Exhibition

Robert Thiele: And Elsewhere

February 3, 2023 - March 11, 2023

Reception: February 3, 2023, 6pm-9pm

His brushstrokes bear the trace of his hand and gesture. It’s clear that he painted quickly and with conviction.

Robert Thiele: And Elsewhere

Emerson Dorsch is pleased to announce our next exhibition And Elsewhere, a selection of works by Robert Thiele. The starting point for And Elsewhere was the many iterations of black circles in Thiele’s work. In the show’s central piece, he reworks the pages of a 1931 issue of Art in America. The artist surreptitiously acquired the bound magazine from the Kent State Library while he was a student there in the mid-1960s. Thiele was among the men drafted to serve in the Vietnam War, and he’d already returned to teaching at Miami Dade College when he heard about the shootings at Kent State. In the 1980s, Thiele incised the text and image blocks from the magazine’s pages, replacing them with his own. He didn’t think of the project again until 2021, when he found that same issue in a stack of old magazines that he’d slated for the bin. He altered the pages once more, painting black, pink and red circles over each page, obscuring all identifiers of the image beneath. His brushstrokes bear the trace of his hand and gesture. It’s clear that he painted quickly and with conviction. The oil bleeds outward onto the page, lending evidence of the paint’s chemical composition. Installed in a wide grid that spans the room, the sheer number of circles lends force to the impression of what at first may seem to be just a form. It begs the question, why the circles, why the repetition? With this exhibition we explore these questions, to show how the artist breathed in his milieu and circumstance.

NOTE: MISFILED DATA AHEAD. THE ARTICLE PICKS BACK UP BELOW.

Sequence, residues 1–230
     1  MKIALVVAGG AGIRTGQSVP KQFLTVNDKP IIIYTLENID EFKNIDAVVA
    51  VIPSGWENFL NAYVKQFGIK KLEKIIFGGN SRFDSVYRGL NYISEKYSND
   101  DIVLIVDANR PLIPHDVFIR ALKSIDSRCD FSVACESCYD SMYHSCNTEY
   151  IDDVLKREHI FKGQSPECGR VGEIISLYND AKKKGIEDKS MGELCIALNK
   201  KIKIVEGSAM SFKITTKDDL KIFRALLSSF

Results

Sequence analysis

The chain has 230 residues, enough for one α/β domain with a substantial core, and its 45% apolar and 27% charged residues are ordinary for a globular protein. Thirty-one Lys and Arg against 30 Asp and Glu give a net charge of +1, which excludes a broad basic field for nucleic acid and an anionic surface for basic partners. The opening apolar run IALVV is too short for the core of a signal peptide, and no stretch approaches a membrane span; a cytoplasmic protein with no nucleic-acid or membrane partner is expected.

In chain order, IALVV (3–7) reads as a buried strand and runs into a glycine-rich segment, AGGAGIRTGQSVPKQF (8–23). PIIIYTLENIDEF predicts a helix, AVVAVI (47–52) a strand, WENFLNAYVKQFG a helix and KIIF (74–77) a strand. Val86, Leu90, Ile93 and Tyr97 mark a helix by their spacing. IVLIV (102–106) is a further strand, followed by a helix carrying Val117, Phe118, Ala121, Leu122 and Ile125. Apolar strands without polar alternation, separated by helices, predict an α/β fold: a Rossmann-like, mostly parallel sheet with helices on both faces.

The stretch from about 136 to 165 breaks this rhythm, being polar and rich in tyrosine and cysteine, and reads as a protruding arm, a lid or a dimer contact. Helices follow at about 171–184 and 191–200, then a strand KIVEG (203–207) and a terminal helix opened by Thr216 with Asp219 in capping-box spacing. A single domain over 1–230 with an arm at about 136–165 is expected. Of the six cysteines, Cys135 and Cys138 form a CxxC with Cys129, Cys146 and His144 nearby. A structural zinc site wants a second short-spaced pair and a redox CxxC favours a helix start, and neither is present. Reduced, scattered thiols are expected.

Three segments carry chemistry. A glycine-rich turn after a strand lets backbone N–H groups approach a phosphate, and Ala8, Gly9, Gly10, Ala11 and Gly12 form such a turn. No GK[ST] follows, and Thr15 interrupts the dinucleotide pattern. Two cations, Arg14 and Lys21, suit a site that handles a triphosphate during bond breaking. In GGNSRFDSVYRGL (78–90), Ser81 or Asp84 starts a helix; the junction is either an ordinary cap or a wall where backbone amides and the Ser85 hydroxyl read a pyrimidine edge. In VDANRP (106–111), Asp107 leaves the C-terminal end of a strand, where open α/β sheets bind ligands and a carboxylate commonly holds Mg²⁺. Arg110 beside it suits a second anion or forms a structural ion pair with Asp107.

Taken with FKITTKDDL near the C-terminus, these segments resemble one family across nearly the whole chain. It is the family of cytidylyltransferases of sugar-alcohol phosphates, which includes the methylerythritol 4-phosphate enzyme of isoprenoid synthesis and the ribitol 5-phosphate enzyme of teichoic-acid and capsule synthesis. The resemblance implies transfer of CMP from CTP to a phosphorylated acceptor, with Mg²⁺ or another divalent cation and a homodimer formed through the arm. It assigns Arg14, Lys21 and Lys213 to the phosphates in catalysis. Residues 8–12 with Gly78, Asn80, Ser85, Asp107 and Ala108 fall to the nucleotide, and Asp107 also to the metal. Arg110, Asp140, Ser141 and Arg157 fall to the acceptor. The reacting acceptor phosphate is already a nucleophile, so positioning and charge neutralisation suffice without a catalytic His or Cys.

This work harks back to Robert Motherwell’s Elegy to the Spanish Republic, which consists of about 100 paintings of black ovals from 1948-1967, though it also recalls Robert Rauschenberg’s Erased deKooning Drawing from 1953. Chance operations seem to play a role in the generation of abstract language – as automatism did for Motherwell. So does erasure, as it did for Rauschenberg. But the brutality of the cancellation of an image is as true for Thiele as it was for Motherwell, deKooning and Rauschenberg; it is an act of declaration of presence and absence at the same time. Thiele, having witnessed the tolls of Vietnam as well as those of 2020, has as much at stake in this imagery as they did. Well versed in the New York School, Neo-dadaist work, and conceptual art, Thiele deploys strategies in conversation with all of them.

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